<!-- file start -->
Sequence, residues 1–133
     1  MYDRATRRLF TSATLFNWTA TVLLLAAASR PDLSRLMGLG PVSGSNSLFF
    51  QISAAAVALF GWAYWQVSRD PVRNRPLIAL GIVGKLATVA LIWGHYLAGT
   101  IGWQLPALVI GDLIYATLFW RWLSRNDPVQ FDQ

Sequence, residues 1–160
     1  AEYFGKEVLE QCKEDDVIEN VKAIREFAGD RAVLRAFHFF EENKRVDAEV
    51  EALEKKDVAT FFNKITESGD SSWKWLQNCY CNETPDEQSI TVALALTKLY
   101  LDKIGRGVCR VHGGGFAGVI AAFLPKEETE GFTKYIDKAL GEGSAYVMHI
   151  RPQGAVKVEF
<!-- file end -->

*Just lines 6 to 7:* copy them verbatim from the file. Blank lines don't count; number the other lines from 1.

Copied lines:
     1  AEYFGKEVLE QCKEDDVIEN VKAIREFAGD RAVLRAFHFF EENKRVDAEV
    51  EALEKKDVAT FFNKITESGD SSWKWLQNCY CNETPDEQSI TVALALTKLY